The Federal Reserve System was formed primarily as a response to a recurring series of banking panics in the initial years of the 20th century. However, the most crucial function it serves to the economy of the United States is the centralization of banking for the sake of stability. This is accomplished by facilitating exchange of payments and responding to the liquidity needs of regional banks.
In effect, it assists in strengthening the economic standing of the United States in the global economy by regulating the nation’s money supply through the manipulation of interest rates and the availability of reserve funds in various ways. First, it can grant liquid reserves to banks by purchasing government securities. By doing so, it can stave off the demand for money in such a fashion as to bring down interest rates. This effectively makes the cost of credit lower and makes the granting of loans more profitable with the intention of ensuring the economy does not stop moving.
Second, it can adjust the discount rate on the loans it gives to banks in order to discourage or encourage the borrowing of funds. If the Federal Reserve sets the discount rate below short-term interest rates, it can stimulate growth credit. If it sets it above that rate, then there is no reason for banks to borrow from the central bank. Third, the Federal Reserve may set the requirement of liquid reserves that banks must maintain. If they set it higher, then the granting of loans becomes restricted and if they set it lower, granting loans becomes looser.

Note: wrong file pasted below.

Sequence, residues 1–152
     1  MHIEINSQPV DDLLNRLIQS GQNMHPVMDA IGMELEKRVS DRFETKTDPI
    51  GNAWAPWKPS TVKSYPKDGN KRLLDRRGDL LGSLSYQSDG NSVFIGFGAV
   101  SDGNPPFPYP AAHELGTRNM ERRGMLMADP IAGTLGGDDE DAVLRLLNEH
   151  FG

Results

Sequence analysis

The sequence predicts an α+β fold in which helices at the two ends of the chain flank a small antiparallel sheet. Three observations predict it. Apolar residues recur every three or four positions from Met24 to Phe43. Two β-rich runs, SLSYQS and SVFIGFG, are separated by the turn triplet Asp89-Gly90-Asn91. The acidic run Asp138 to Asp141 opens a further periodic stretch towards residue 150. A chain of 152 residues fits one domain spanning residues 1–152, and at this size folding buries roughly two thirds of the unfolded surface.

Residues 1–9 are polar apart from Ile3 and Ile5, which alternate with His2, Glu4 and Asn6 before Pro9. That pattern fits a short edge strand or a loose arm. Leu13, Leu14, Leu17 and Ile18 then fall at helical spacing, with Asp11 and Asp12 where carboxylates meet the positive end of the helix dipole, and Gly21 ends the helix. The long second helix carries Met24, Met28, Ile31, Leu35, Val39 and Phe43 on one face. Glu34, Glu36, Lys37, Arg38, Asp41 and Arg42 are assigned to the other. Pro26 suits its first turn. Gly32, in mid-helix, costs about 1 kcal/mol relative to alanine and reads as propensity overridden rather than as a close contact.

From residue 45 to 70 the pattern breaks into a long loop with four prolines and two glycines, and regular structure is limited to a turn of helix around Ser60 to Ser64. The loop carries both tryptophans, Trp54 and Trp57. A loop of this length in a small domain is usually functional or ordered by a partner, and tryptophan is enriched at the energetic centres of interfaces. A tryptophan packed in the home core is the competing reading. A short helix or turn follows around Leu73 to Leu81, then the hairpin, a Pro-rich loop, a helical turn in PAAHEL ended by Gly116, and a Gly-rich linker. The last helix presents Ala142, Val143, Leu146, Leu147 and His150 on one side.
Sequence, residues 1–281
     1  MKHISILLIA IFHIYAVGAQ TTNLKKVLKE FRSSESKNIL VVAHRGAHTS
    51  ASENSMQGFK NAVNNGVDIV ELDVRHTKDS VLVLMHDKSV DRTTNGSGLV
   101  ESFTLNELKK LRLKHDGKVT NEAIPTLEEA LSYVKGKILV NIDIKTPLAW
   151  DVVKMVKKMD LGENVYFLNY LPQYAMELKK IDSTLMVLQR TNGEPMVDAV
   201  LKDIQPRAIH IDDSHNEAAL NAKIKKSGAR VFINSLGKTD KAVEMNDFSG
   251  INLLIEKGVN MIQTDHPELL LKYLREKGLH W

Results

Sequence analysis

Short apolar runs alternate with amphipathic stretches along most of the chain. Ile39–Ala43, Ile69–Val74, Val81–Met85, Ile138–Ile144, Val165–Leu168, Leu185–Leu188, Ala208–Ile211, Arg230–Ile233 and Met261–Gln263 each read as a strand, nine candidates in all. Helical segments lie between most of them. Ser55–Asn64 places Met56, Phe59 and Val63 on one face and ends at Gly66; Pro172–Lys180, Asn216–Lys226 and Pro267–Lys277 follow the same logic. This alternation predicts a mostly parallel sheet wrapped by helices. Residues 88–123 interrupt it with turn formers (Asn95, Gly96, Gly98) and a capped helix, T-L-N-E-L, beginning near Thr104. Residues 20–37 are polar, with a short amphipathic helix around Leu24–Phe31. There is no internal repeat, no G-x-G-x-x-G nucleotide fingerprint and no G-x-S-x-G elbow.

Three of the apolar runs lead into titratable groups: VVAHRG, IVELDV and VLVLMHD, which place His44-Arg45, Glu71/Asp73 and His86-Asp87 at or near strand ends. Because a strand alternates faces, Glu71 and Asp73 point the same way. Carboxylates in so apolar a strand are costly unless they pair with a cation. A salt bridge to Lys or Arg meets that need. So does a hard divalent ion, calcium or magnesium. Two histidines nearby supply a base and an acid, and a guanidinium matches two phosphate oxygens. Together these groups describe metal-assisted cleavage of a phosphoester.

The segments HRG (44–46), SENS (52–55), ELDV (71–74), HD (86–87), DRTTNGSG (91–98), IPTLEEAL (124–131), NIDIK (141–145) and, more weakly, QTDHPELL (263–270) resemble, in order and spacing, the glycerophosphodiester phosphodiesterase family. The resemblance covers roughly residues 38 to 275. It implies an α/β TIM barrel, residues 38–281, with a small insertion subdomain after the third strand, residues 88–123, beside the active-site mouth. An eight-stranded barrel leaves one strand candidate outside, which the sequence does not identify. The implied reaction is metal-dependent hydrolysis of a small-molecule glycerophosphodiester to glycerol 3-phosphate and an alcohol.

Fourth, it may also directly manipulate the money supply in such a fashion as to affect the federal funds rate, which is the rate by which banks lend their balance to other banks. While there is no shortage of criticisms that have been made about the Federal Reserve System, its existence is responsible for the present flexibility of financial transactions and without it economic interactions would be much more problematic and unstable.
Johnson, Manuel H. 2007, June 24. Federal Reserve System. The Concise Encyclopedia of Economics. http://www. econlib. org/library/Enc/FederalReserveSystem. html (accessed September 20, 2008). Obringer, Lee Ann. 2008. How the Fed Works. HowStuffWorks. http://money. howstuffworks. com/fed. htm (accessed September 20, 2008) No author. 2007, August. Fedpoint: Federal Funds. Federal Reserve Bank of New York. http://www. newyorkfed. org/aboutthefed/fedpoint/fed15. html (accessed September 20, 2008)